As product designs have become more sophisticated, both the simulation models (e.g., finite element models) and the design optimization models have grown bigger. To keep pace with this increase in problem size, we present and implement an optimization strategy that can run on a computing cluster with demonstrable efficiency. First, parallelism is implemented in the context of gradient calculations using divided differences. Then, parallelism is achieved in the context of both direction-finding and line-search steps. Parallel direction finding improves the convergence rate as opposed to just cutting down the amount of arithmetic. A new algorithm based on method of feasible directions is discussed that obtains better optima and is also computationally faster. Implementation details regarding distribution of computing tasks to improve scalability and load balancing are presented. Numerical examples show the efficiency of the developed methodology on a relatively small computing cluster. Gains of about 7:1 have been obtainable using 16 processors on some test problems. Importantly, the framework presented can be developed by researchers using other gradient-based optimization codes on different computing platforms.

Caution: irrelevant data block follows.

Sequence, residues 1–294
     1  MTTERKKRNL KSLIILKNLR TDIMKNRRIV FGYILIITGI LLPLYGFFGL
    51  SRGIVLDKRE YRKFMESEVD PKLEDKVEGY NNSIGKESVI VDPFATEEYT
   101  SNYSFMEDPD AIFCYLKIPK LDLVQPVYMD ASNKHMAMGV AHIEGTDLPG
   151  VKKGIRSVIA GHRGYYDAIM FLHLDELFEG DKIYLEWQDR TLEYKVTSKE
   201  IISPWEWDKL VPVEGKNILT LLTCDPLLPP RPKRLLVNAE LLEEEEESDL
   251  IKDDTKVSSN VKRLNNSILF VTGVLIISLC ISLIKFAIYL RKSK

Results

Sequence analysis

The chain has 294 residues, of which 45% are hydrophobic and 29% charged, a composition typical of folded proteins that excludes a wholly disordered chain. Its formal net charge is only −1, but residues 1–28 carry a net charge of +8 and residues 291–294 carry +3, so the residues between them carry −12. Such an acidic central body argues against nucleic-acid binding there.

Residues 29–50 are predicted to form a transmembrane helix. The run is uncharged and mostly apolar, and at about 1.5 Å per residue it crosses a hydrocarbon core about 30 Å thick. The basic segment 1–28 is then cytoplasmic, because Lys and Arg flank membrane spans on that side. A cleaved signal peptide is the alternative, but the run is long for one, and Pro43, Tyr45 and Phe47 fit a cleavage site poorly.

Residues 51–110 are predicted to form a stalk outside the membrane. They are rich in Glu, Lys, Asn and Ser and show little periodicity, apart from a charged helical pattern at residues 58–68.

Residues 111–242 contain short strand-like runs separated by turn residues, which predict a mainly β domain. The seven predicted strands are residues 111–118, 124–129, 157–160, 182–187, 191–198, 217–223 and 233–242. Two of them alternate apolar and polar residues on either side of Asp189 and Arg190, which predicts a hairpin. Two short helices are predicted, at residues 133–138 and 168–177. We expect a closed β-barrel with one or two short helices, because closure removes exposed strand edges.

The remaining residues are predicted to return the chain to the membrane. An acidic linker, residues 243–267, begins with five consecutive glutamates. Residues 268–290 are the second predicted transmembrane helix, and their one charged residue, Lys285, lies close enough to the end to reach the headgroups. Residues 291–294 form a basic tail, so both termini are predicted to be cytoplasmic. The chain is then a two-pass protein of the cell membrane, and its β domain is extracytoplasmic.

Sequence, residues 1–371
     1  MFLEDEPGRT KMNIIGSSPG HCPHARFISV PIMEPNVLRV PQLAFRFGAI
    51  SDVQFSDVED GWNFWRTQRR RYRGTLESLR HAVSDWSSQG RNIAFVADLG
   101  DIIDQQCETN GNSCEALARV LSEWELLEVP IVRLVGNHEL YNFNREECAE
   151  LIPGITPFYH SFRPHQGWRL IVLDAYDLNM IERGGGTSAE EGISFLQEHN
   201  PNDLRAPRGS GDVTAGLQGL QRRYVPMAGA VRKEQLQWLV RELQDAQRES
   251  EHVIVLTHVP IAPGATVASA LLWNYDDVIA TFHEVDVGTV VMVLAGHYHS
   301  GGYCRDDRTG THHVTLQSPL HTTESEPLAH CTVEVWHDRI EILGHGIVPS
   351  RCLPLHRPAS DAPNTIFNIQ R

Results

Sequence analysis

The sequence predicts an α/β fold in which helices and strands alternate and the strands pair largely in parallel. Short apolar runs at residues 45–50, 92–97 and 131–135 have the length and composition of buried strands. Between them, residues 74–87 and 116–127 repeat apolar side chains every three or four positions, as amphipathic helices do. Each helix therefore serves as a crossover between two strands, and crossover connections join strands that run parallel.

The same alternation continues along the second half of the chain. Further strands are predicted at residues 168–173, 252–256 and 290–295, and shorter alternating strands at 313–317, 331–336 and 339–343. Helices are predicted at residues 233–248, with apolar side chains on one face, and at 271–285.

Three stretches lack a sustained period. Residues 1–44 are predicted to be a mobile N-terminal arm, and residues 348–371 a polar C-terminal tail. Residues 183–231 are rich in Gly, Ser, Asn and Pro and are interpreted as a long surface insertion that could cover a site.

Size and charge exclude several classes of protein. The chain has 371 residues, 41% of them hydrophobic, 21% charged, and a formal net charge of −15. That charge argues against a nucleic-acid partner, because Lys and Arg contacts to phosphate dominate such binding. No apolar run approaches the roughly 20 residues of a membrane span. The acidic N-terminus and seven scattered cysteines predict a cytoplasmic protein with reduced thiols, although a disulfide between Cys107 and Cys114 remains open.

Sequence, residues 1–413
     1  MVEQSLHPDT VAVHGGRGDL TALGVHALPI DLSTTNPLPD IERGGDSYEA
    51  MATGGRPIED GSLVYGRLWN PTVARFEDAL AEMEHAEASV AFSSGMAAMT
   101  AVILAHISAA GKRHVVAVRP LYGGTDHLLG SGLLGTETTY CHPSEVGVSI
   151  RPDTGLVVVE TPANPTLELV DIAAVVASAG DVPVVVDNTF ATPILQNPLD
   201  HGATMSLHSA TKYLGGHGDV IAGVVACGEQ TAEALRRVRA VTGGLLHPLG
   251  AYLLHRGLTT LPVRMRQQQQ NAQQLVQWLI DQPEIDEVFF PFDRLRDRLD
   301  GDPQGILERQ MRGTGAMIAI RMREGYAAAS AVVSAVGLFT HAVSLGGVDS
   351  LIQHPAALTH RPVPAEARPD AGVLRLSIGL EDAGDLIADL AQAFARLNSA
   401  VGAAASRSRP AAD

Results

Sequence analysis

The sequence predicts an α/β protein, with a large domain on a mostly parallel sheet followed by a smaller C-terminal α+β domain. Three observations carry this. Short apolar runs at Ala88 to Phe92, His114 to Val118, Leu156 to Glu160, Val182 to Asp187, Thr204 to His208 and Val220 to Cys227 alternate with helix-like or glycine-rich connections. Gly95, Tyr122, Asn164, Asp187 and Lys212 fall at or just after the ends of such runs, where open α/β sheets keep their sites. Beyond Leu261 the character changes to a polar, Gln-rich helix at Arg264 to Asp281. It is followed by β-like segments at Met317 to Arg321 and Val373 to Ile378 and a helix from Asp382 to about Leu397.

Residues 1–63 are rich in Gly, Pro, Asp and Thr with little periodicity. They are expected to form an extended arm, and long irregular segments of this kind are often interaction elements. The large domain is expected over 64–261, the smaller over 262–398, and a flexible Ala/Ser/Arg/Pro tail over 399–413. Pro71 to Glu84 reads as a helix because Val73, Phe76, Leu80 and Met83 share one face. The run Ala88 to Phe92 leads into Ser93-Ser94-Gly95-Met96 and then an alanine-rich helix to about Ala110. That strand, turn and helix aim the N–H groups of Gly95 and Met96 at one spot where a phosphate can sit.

ASJC Scopus subject areas
- Aerospace Engineering